Scrolling Headlines:

Pat Kelsey informs UMass AD Ryan Bamford of change of heart just 35 minutes before scheduled press conference -

March 23, 2017

Past and present UMass football players participate in 2017 Pro Day Thursday -

March 23, 2017

Pat Kelsey reportedly backs down from UMass men’s basketball coaching position -

March 23, 2017

Students react to new fence around Townehouses -

March 23, 2017

‘Do You Have The Right To Do Drugs?’ debate held in Bowker Auditorium -

March 23, 2017

UMass men’s lacrosse looks to build on three-game winning streak against Brown -

March 23, 2017

UMass softball riding five-game win streak into first Atlantic 10 showdown -

March 23, 2017

Sanzo: Inability to win close games has hurt UMass baseball -

March 23, 2017

Hannah Murphy scores 100th career goal in UMass women’s lacrosse 16-9 win over Harvard -

March 23, 2017

Old age does no harm to indie rock legends The Feelies -

March 23, 2017

A track-by-track breakdown of Drake’s new project -

March 23, 2017

When a president lies -

March 23, 2017

Let them eat steak, and other gender norms I hate -

March 23, 2017

Dissecting Science: Episode Two -

March 22, 2017

Holy Cross 10-run eighth inning sinks UMass baseball -

March 22, 2017

UMass students react to Spring Concert lineup -

March 22, 2017

Letter: Vote yes for Amherst -

March 22, 2017

You don’t have to walk alone -

March 22, 2017

Tyler Bogart and D.J. Smith lead UMass men’s lacrosse during three game win streak -

March 22, 2017

UMass women’s lacrosse emphasizes defense in approaching games as its key to gaining momentum for conference play -

March 22, 2017

UMass astronomers discover ‘outrageously’ luminous galaxies

(Yuri Islas/ Flickr)

(Yuri Islas/ Flickr)

Astronomers at the University of Massachusetts have discovered “outrageously” luminous galaxies so bright that previously-used descriptors such as “hyper-luminous” and “extremely luminous” are an inadequate description of them, according to a UMass press release.

Kevin Harrington, lead author of the study and a senior astronomy and neuroscience double major, who works in the lab of astronomy professor Min Yun, said that the existence of these luminous galaxies means that theorists in astrophysics need to rethink how matter accumulates in the early universe. Such luminous, massive objects weren’t believed to be possible prior to this discovery, Harrington said.

“(The luminosity) gives you an indication of how efficiently the galaxy is turning gas into stars. It’s largely unknown how galaxies in the early universe formed so many stars in such a short amount of time,” Harrington said.

The Milky Way creates a new star or two every year, while these galaxies create a new star every hour, he said.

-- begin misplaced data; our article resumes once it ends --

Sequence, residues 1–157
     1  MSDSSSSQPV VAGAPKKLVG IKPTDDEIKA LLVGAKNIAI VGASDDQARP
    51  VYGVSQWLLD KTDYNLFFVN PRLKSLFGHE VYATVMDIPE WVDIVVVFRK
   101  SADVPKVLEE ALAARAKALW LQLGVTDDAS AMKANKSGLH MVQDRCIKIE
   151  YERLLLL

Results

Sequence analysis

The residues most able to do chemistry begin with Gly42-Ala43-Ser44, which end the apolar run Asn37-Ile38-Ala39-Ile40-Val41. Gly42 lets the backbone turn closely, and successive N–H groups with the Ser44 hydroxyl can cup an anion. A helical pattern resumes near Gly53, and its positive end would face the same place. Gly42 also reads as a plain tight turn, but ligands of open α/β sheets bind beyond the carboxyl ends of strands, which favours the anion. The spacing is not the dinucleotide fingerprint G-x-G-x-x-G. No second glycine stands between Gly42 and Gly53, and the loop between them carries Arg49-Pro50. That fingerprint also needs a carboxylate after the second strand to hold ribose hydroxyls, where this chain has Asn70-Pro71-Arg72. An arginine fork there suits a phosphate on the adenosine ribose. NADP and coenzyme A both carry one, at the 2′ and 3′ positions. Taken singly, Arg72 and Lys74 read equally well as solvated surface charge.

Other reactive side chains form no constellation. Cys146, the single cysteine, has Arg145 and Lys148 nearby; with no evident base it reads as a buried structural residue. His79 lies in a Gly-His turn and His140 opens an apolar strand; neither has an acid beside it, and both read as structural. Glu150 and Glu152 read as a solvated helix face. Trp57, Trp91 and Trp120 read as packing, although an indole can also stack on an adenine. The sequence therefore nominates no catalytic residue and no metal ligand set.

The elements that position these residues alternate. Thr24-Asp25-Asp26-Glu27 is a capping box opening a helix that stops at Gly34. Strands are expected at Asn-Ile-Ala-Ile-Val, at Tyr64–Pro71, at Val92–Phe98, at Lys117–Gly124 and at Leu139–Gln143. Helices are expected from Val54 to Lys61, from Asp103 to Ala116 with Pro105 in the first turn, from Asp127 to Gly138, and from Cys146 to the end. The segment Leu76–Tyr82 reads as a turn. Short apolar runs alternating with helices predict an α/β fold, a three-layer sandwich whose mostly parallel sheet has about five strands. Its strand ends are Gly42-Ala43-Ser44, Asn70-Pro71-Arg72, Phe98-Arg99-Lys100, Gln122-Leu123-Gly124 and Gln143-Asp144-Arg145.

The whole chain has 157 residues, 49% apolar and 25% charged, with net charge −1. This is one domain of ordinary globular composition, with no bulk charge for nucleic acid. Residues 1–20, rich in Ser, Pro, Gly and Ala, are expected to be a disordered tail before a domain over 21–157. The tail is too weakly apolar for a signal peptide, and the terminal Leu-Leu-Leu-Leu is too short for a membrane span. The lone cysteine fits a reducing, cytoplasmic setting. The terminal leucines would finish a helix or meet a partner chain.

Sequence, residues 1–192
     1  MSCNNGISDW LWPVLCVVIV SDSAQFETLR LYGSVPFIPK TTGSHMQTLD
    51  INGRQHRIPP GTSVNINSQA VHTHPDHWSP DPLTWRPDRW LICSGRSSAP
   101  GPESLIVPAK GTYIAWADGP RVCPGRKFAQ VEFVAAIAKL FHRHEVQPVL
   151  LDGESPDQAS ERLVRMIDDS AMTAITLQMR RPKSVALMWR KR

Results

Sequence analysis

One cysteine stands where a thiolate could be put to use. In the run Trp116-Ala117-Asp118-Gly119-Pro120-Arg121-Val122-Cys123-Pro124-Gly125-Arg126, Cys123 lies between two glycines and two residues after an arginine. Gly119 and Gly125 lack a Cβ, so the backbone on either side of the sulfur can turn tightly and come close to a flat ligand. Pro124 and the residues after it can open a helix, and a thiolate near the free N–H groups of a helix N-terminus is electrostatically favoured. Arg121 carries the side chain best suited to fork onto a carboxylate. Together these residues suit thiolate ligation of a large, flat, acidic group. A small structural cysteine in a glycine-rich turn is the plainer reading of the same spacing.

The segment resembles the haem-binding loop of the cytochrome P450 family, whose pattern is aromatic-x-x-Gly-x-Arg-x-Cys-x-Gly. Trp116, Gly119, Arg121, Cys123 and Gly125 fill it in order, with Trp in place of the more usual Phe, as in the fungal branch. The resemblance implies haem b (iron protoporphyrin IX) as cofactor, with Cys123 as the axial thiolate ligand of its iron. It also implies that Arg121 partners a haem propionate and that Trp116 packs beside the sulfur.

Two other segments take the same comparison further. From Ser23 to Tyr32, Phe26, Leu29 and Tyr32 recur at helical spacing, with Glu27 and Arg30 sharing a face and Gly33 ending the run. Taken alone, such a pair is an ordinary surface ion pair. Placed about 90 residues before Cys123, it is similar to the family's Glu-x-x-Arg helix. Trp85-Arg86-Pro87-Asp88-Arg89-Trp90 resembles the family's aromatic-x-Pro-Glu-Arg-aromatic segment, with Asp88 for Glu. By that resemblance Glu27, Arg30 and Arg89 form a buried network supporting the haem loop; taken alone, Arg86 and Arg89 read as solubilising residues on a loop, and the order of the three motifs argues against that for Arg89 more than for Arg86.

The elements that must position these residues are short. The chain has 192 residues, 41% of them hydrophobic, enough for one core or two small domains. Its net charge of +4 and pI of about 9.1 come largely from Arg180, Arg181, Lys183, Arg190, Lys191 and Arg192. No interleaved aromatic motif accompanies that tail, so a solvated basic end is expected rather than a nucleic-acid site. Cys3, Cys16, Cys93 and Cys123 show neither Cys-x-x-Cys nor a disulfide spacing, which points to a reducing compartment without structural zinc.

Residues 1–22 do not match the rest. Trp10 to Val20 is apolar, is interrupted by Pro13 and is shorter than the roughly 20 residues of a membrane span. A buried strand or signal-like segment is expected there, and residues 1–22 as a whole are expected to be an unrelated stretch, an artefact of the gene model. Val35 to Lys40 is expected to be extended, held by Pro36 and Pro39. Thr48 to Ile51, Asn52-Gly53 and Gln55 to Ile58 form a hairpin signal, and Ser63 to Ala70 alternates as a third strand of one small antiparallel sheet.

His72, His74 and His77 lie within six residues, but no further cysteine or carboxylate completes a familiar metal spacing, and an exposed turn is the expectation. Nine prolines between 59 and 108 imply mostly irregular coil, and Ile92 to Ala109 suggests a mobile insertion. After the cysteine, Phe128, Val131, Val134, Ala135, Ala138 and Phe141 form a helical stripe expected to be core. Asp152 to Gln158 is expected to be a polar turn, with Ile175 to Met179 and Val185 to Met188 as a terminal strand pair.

These discoveries were made primarily using the Large Millimeter Telescope (LMT) located on the extinct volcano Sierra Negra in the central state of Puebla, Mexico and is jointly operated by UMass and the Instituto Nacional de Astrofísica, Óptica y Electrónica. Harrington traveled to the telescope twice to perform his research with the William Bannick Student Travel Grant, according to the release.

The unusual luminosities of the newly-discovered galaxies may be due in part to gravitational lensing, a phenomenon where a large cosmic mass acts as a lens that focuses and magnifies the light, instead of acting as a wall that blocks light, he said.

This is a consequence of Einstein’s theory of relativity, Harrington said. Only a proportion of the discovered luminous galaxies are expected to be a result of lensing and are actually as luminous as they appear.

Even lensed galaxies are an important find, however, as the phenomenon requires the precise alignment of a cosmic mass in between Earth and the luminous galaxy, making them exceedingly rare. Only about 500 of these galaxies have been discovered, he said.

These galaxies are billions of light years away, meaning that the luminosity viewed from these galaxies is a result of star formation that occurred billions of years ago. This period was during the “epic of galaxy formation”, where star formation was at its peak about 1.5 to 4 billion years after the Big Bang, or about 10 billion years ago, Harrington said.

Harrington first got involved in Yun’s lab through a Five Colleges Astronomy department internship.

“I’ve realized that science is really not a solo effort, it’s really collaborative and it’s important to ask questions … and do your share of work. I’ve grown so much from my own challenges and at the end of the day, it’s been unbelievably rewarding for me…it’s also been an opportunity to stay humble, and that’s one of the most important things for me,” Harrington said.

Tristan Tay can be reached at ttay@umass.edu.

Leave A Comment